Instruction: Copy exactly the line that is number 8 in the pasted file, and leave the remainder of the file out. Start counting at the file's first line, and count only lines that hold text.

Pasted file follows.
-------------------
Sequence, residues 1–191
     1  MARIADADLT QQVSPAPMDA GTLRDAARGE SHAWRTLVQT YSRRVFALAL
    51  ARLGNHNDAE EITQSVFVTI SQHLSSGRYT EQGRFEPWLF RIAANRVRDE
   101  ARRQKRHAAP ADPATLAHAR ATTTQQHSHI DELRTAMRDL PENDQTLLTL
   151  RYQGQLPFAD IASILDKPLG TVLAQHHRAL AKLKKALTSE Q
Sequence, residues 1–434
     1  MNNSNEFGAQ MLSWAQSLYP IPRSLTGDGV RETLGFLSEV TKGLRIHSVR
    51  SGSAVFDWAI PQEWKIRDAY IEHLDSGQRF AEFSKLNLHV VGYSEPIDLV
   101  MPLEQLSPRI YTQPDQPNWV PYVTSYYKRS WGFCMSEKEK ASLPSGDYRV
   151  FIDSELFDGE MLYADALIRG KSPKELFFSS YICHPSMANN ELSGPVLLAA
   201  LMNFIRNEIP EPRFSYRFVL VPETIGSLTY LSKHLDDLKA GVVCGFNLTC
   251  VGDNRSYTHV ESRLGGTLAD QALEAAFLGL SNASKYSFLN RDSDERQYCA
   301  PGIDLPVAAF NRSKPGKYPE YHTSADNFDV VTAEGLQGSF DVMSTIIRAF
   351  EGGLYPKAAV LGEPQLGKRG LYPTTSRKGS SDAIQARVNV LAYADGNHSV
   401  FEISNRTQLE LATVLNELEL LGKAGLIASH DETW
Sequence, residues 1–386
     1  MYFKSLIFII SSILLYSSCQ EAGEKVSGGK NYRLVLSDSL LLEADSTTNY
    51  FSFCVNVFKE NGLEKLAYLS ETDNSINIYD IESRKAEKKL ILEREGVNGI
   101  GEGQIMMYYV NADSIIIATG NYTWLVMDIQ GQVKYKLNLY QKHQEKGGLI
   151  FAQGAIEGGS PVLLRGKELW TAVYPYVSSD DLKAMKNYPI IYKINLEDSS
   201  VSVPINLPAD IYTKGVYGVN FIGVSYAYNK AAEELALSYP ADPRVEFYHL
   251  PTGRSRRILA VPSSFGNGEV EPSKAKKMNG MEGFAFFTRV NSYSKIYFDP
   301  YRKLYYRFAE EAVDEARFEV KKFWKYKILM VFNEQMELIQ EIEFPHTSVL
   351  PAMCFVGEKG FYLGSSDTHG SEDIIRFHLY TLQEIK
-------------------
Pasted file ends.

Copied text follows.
    51  SGSAVFDWAI PQEWKIRDAY IEHLDSGQRF AEFSKLNLHV VGYSEPIDLV